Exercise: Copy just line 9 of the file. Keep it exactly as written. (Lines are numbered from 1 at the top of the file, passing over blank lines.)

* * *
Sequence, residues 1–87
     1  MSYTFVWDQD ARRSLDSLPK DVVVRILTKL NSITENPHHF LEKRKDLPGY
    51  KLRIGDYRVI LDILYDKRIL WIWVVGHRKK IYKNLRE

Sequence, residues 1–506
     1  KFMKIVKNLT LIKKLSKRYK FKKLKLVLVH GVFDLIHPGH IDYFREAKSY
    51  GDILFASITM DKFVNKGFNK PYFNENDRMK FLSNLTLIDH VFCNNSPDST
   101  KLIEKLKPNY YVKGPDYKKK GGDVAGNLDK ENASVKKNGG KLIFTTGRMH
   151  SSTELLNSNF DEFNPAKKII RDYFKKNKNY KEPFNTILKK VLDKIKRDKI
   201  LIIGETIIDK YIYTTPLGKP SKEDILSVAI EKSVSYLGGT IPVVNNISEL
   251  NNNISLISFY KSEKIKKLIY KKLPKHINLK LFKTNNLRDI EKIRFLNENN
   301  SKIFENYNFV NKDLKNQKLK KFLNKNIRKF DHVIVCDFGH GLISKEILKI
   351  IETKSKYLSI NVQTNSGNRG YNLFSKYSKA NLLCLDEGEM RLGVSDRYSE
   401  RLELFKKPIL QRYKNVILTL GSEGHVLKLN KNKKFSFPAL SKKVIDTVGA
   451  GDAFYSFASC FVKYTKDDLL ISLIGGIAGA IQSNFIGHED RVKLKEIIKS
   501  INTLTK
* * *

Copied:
   201  LIIGETIIDK YIYTTPLGKP SKEDILSVAI EKSVSYLGGT IPVVNNISEL